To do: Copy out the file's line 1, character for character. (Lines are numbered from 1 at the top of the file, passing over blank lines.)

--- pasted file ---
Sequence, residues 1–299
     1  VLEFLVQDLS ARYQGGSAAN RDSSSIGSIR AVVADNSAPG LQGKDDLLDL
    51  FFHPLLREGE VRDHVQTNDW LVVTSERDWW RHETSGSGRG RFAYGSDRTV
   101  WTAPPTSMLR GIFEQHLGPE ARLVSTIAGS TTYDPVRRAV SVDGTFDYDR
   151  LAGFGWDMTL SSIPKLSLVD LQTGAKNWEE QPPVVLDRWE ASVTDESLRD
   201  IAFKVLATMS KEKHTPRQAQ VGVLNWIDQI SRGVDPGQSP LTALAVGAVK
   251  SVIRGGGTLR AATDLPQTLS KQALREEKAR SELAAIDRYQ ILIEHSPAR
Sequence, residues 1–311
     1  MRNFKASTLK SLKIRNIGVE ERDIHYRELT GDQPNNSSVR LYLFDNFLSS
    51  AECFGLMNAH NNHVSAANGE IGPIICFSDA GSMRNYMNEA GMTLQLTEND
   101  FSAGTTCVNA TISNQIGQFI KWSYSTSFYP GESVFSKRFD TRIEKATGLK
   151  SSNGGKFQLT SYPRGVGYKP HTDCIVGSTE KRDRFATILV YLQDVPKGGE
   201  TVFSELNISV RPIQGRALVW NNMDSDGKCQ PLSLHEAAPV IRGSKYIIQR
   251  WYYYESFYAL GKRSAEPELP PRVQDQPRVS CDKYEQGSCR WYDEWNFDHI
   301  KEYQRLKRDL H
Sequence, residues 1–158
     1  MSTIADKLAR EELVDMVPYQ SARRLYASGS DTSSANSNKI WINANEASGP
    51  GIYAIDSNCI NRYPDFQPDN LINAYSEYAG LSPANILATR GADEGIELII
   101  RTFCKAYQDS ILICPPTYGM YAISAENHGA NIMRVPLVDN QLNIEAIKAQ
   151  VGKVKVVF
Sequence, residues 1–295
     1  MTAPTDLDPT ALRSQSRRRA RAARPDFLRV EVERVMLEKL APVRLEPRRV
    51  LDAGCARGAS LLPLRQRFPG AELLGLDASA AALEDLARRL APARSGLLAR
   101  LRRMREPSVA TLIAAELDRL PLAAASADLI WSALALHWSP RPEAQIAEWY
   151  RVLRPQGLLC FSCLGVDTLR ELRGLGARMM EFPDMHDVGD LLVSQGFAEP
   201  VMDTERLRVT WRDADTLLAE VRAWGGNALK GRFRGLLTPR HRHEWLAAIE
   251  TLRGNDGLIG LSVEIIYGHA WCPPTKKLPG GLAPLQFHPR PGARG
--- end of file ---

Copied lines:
Sequence, residues 1–299